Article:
Maybe an approach from a different direction would yield better results. Instead of (1) generate a random, well-formed nurikabe puzzle and then (2) check how solvable it is, maybe it would be possible to generate a solvable puzzle from the beginning, something like this: start with a blank puzzle, and keep adding clues until it becomes solvable by deterministic methods. I'm not sure of the details of how this would work.

Nurikabe software

There is a free nurikabe-player program for download here (slow connection). It has some predefined puzzles and lets you solve them (assisted by some convenient "smarts"), save progress, and create your own puzzles manually. There is another freeware nurikabe program for Palm here. I haven't played it, but it seems to do the same thing. Neither offers an auto-solver or a puzzle generator. Online nurikabe puzzles can be found here.

Nurikabe constraints

A nurikabe puzzle must conform to these laws:


Nurikabe-solving rules

OK, now some rules for solving nurikabe:

These rules are roughly in order of increasing difficulty to apply.

Please let me know of any corrections, improvements, or additions you can think of for the above rules.

Method of applying rules:

(Much of this method is probably applicable to solving many logic games.)



Operations (methods):

Solver implemented!

Hooray! I finally got a nurikabe puzzle solver implemented. It really wasn't that tough, but took a while. My thanks to Dr. Drake at Lewis & Clark College for his Final Project: Nurikabe. The skeleton Java code there gave me the impetus to go ahead and do it.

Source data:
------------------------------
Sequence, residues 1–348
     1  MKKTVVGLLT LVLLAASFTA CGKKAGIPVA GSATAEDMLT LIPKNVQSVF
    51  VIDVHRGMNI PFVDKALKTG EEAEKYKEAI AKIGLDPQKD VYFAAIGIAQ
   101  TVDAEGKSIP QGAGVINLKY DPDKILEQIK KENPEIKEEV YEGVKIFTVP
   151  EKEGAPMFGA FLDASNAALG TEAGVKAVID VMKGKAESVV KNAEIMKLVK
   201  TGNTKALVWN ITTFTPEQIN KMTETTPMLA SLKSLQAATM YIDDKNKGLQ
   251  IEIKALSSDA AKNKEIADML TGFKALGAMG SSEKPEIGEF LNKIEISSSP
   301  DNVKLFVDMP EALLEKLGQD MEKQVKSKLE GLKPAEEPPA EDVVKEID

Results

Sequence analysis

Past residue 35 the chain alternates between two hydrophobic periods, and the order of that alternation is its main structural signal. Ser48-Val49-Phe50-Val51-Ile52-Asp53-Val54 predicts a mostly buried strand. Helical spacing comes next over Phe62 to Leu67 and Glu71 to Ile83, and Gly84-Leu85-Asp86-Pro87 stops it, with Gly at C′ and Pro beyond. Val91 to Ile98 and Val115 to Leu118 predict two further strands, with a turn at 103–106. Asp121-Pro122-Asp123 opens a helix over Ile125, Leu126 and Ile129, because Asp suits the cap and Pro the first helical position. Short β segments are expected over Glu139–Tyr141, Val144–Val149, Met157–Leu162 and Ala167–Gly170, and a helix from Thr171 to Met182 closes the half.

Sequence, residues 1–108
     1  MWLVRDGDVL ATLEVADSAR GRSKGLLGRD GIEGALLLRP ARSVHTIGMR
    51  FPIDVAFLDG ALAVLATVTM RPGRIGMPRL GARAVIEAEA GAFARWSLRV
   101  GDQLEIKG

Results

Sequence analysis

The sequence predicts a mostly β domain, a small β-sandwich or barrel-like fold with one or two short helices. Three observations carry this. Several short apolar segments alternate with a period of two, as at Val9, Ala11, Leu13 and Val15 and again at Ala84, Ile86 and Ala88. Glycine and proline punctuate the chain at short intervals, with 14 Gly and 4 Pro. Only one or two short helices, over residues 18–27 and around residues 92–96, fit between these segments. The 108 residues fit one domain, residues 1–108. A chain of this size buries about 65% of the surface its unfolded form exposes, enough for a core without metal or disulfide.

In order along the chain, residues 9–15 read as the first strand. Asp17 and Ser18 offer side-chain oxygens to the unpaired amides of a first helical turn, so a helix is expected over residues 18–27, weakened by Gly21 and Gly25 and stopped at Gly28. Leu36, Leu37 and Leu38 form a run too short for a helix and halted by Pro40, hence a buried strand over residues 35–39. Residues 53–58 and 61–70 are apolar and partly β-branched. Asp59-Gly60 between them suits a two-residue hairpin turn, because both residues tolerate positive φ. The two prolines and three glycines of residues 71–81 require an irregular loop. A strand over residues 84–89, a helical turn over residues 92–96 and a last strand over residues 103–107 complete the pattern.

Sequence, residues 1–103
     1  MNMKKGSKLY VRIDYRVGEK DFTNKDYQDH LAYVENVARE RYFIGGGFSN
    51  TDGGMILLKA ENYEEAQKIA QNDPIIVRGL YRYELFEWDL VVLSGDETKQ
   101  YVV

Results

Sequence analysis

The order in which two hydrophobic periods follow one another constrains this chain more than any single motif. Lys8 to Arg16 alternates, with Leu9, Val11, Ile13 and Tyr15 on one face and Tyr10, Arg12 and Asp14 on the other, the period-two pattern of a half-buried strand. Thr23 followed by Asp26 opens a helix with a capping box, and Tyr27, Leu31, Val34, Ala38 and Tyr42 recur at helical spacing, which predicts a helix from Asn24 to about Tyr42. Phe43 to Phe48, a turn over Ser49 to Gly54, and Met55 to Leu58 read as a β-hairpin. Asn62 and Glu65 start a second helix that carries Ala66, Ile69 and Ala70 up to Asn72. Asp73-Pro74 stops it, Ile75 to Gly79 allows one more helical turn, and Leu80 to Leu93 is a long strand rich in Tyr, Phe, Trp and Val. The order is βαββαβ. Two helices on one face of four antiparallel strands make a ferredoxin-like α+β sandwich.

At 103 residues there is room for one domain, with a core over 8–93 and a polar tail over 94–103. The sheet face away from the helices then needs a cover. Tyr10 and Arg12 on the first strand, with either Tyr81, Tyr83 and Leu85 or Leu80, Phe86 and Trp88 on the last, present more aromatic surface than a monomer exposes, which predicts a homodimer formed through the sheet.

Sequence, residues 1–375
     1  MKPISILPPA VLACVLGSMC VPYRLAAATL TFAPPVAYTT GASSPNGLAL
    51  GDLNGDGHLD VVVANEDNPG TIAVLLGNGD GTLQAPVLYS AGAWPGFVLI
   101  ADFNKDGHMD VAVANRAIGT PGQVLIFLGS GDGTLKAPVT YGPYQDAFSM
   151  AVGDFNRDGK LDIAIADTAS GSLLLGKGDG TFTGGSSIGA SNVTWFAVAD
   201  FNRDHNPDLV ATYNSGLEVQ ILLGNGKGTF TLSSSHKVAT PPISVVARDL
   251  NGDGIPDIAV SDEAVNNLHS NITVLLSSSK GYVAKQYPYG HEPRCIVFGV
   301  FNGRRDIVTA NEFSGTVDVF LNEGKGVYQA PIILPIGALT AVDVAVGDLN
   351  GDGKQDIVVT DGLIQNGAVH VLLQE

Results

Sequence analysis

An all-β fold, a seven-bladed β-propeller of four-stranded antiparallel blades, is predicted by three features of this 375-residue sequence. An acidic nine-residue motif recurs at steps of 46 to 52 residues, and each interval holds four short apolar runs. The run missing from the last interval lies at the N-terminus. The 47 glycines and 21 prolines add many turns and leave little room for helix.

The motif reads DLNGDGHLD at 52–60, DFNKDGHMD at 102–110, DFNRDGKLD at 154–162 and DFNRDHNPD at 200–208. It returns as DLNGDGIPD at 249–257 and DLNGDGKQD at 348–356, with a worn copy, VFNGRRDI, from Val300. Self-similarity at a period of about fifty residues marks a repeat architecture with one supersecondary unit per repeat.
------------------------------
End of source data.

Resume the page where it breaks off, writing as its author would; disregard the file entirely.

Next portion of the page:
The solver uses about seven production rules, i.e. rules that can potentially deduce the color of certain cells without doing any trial-and-error. It applies those rules repeatedly until they no longer yield any results. Then it makes a hypothesis about a given cell being a given color. If that hypothesis leads to a contradiction, it concludes the cell must be the opposite color.

The solver is successful to a degree: it solves small-to-medium puzzles very quickly. The one at the top of the page took it about half a second. But there are puzzles it has not yet solved, such as this 24x14. However, I'm getting some optimization done, and I'm hopeful that the envelope can be pushed back a ways. I think the biggest way to improve solving time is to pick your hypotheses more intelligently: If you pick one that quickly leads to a contradiction, you've made solid progress.

Creating Puzzles

My original intent for a Nurikabe solver was not to solve puzzles per se, but to assist in creating them. The last few days, I've made my first attempts at creating my own puzzles. Here they are (via Otto Janko's Java applet):

Help for the Java applet can be found here. Note, the save/load state feature does not work. I'm not sure why.

I used the Nurikabe player program by Oleg Andrushko to create and test the puzzles. Each puzzle is also wife-tested for quality assurance. Kathy's getting pretty good at Nurikabe!